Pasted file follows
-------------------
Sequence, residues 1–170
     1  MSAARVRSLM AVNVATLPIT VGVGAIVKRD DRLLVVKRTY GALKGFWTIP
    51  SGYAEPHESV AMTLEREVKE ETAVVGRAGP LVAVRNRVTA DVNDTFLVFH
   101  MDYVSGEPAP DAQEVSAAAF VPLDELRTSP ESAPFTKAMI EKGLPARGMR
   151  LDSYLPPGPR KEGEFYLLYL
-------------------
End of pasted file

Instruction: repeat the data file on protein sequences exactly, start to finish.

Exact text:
Sequence, residues 1–170
     1  MSAARVRSLM AVNVATLPIT VGVGAIVKRD DRLLVVKRTY GALKGFWTIP
    51  SGYAEPHESV AMTLEREVKE ETAVVGRAGP LVAVRNRVTA DVNDTFLVFH
   101  MDYVSGEPAP DAQEVSAAAF VPLDELRTSP ESAPFTKAMI EKGLPARGMR
   151  LDSYLPPGPR KEGEFYLLYL